A broad-ranging debate in the Oregon Senate covered religious freedom, interstate commutes, health concerns, school start times and Arizona. The majority of the opponents – 12 of the 15 – are Democrats, but so are co-sponsors Steiner, Senate President Rob Wagner, D-Lake Oswego and Sen. Deb Patterson, D-Salem.

Sen. Lynn Findley, R-Vale, represents a vast section of eastern Oregon including Malheur County, which is on Mountain time and would have ended up two hours ahead of the rest of Oregon if the bill passed as drafted. Findley supported it.

But Sen. Bill Hansell, the Athena Republican who represents northeast Oregon, had the same concerns as Sen. Michael Dembrow, a Democrat who represents north Portland. Hansell said his constituents, many of whom do business in Washington and go to Walla Walla, Washington, for services that aren’t available in smaller eastern Oregon cities, want to make sure they stay in the same zone as Washington.

Dembrow sees the same issue on a larger scale in Portland, where thousands of people commute between Portland and Vancouver or southwest Washington each day.

“What that means is that for two-thirds of the year, Portland will be an hour different from Vancouver and southwest Washington,” he said. “All of those people – there are thousands of people who live in southwest Washington and commute to Oregon, or vice versa, are going to have to change their watches twice every day.”

Public health, religious concerns

Steiner said switching to permanent standard time takes a stand for public health and religious freedom. Steiner is Jewish, and her religion includes morning prayers that can’t be recited until after sunrise. Permanent daylight time would make it all but impossible for Jewish people to congregate and say prayers in the morning, she said.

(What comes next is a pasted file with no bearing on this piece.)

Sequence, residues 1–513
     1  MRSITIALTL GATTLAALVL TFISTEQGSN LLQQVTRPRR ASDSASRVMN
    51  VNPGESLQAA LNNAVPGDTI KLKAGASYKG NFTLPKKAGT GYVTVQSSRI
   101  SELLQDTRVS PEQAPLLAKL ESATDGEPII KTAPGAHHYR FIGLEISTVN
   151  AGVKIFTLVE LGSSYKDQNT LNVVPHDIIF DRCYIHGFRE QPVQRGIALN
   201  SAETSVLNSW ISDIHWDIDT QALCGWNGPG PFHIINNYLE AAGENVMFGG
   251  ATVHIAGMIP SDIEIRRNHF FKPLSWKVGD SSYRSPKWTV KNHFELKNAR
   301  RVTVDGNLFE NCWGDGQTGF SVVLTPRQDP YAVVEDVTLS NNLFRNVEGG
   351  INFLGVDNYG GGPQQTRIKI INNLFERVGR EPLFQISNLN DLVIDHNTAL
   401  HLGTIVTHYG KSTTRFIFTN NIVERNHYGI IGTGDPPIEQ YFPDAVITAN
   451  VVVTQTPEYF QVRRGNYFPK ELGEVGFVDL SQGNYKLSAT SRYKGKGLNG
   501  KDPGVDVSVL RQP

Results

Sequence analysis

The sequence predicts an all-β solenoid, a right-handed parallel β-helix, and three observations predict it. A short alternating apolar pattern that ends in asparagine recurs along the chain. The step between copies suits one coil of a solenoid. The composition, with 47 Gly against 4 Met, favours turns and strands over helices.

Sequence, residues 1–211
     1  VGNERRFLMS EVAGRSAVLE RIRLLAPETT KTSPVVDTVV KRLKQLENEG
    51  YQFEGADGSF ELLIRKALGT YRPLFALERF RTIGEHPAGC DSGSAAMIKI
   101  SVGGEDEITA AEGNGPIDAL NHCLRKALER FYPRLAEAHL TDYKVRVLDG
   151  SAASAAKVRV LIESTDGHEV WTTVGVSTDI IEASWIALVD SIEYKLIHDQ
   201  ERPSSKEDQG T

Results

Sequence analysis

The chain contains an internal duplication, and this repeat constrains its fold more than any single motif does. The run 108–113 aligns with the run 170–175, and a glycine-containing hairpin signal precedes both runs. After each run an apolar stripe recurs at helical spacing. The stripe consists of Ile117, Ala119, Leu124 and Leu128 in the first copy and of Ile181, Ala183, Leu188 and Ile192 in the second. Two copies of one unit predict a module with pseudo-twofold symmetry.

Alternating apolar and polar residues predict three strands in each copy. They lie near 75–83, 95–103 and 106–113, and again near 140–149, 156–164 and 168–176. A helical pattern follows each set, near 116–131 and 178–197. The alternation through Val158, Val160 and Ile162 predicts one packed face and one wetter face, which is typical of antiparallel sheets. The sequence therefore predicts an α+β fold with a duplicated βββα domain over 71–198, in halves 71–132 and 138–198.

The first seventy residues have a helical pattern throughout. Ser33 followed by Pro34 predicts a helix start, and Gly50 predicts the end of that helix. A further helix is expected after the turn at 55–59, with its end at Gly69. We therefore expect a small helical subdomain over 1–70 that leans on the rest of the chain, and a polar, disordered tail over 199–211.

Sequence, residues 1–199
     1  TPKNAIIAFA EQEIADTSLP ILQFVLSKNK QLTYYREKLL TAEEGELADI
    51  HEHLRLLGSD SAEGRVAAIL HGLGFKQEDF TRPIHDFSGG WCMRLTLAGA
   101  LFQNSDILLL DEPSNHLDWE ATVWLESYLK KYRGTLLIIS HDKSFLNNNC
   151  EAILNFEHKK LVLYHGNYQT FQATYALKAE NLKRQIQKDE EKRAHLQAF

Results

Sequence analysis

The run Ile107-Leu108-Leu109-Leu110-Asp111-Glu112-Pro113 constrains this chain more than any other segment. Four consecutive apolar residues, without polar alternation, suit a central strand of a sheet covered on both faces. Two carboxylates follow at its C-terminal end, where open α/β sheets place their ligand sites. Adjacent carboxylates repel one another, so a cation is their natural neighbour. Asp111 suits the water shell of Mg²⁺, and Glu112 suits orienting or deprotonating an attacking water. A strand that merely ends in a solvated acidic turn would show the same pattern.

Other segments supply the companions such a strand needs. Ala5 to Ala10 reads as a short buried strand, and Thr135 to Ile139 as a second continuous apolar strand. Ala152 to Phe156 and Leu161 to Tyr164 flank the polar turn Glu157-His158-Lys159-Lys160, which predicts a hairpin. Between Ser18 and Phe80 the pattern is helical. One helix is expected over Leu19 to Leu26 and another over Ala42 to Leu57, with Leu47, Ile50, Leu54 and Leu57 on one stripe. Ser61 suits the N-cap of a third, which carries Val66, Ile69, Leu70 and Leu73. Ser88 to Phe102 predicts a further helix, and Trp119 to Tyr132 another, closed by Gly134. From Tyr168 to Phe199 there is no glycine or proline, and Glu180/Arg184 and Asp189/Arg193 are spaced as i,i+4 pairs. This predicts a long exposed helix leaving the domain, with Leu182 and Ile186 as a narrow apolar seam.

Steiner’s also a doctor, and she noted that medical research indicates changing clocks is bad for mental and physical health. She urged senators to move forward with adopting year-round standard time, saying Oregon could lead the way.

“​​Once we’ve done it and we’ve demonstrated the benefits and we’ve demonstrated our commitment to this, I think we’ll see Washington and California and a lot of other states picking up the mantle sooner,” Steiner said.

Most states observe daylight saving time, but Hawaii and most of Arizona are on standard time year round. Indiana didn’t start observing the twice-yearly time change until 2006.

Sen. Brian Boquist, R-Dallas, reminded colleagues that they heard a lot about Arizona while discussing economic development and the semiconductor industry last year.

“If I recall correctly, I think that economic horsepower state beating us out for economic development is the state of Arizona, and they’re on standard time,” Boquist said. “Let’s be like Arizona. Let’s get more economic development, let’s get more people moving here. I don’t know if this helps, but it sure didn’t hurt in Arizona.”